While parliamentary elections are still about a year away, a new poll from Market and Media Research shows a much different result from the 2017 elections, if elections were held today.
As is pretty much always the case, the Independence Party is the strongest-polling party right now, with 25.6% saying they would vote for them if elections were held today. This is within the margin of error for their results in 2017, when they clocked in at 25.2%, and up by about a percentage point from the last poll, taken on September 2nd.
The other two parties in the ruling coalition—the Progressive Party and the Left-Greens, who lead the government—did not fare as well. The Progressives are currently polling at 8.3%; slightly less than where they were for the last poll, but down from 10.7% in 2017. The Left-Greens have seen a sharper decline, and are currently at 8.5%—down from 9.6% from the last poll but also down from 16.9% during the elections, their support effectively now half what it was at that time.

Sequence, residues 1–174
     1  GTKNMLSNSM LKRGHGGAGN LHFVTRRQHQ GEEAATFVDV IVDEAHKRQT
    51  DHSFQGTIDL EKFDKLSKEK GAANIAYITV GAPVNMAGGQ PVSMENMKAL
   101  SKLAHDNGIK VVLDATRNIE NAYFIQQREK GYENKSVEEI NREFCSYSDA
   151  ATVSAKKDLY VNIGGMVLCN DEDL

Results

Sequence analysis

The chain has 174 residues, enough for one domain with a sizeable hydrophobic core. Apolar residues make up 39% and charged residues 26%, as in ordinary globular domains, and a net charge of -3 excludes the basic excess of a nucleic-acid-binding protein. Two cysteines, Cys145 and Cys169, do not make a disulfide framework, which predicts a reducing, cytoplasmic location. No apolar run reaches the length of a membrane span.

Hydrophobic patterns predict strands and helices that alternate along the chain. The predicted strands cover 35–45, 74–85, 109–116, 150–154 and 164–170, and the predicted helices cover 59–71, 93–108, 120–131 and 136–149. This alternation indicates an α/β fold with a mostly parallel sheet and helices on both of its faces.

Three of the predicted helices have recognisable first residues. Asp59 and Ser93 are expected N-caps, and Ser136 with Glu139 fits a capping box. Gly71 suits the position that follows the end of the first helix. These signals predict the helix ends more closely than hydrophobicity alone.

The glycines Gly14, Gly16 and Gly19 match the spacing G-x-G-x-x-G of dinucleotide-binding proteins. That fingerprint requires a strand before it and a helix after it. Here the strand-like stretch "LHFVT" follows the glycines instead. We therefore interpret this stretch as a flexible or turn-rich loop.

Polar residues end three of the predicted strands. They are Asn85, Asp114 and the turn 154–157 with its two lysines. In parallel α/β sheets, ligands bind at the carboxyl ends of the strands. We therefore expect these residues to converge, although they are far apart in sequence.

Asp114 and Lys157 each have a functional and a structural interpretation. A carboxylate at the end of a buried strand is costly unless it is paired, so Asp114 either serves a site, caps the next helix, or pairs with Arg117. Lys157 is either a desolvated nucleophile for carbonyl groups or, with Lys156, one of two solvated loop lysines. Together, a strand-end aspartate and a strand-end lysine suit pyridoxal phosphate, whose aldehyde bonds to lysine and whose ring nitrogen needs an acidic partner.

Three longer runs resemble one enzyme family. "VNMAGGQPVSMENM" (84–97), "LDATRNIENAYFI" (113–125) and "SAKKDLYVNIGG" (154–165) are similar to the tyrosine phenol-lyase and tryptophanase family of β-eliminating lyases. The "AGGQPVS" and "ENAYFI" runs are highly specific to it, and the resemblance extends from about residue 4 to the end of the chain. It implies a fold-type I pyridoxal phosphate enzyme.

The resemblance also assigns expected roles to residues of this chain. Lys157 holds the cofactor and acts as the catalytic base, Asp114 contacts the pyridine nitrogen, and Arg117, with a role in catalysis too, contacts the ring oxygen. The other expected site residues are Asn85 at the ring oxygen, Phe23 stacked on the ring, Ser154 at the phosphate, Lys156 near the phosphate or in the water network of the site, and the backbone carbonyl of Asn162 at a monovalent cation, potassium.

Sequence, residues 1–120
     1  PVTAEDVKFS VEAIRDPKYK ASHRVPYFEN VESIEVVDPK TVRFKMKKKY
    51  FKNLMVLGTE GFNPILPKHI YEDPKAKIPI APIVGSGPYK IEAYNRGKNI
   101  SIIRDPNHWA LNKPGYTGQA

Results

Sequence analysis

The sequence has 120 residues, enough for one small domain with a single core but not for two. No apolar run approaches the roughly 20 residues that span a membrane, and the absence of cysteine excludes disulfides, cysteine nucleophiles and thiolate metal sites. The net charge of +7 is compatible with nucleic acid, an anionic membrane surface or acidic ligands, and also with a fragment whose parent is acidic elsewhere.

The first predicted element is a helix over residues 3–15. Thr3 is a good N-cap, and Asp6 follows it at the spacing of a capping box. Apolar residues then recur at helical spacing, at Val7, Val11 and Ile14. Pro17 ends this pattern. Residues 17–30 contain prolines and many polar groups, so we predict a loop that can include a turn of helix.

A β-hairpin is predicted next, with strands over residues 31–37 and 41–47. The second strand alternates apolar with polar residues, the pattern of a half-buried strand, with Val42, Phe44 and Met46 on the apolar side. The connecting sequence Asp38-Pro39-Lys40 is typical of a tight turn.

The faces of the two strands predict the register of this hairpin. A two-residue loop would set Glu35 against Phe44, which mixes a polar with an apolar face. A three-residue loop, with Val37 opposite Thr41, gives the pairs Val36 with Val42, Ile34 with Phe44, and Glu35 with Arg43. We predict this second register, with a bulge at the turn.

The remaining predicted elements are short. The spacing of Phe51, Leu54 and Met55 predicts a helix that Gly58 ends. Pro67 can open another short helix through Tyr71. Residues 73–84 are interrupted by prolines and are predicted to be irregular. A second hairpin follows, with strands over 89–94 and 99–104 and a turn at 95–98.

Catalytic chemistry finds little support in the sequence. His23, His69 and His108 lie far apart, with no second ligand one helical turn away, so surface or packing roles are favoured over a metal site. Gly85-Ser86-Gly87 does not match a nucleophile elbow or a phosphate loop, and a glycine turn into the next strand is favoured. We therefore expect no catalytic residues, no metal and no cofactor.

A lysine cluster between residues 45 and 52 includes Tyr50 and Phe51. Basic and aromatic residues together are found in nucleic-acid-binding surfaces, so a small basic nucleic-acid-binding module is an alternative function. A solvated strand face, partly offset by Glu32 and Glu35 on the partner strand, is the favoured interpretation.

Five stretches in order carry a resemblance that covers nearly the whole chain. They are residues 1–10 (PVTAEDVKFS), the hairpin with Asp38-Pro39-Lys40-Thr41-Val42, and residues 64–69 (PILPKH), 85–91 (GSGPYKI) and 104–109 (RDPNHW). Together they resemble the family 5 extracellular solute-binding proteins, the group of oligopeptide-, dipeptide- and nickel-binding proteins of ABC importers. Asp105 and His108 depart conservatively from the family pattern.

The second strongest show in the poll was made by the Pirate Party, now at 15%, which is up from 14.3% at the last poll and from 9.2% in 2017. Not too far behind them are the Social Democrats, at 12.8% who, while down from their 14.9% position during the previous poll, is also about where they were during the last elections, when they were at 12.1%.
The Centre Party, after dropping to 8% during the last poll, are now within the margin of error of back to where they were in 2017, at 10.8%. Meanwhile, the Reform Party, who got 6.7% during the last elections, are now at 9.4%, down from 10% during the last poll.
The People’s Party, if elections were held today, would likely not get a seat in Parliament at all, as they are now at 3.6%; down from 6.9% in 2017 and from 4.8% during the last poll. However, the Socialist Party—who do not have a seat in Parliament—are making a slightly stronger showing, as they are now at 4.3%, coming up from 3.4% during the last poll.
Support for the ruling coalition as a whole rose slight from the last poll—from 50.1% to 51%—but is still well below their support when they were first formed, when they were at 66.7%. The coalition has not polled higher than 56.2% since that day.
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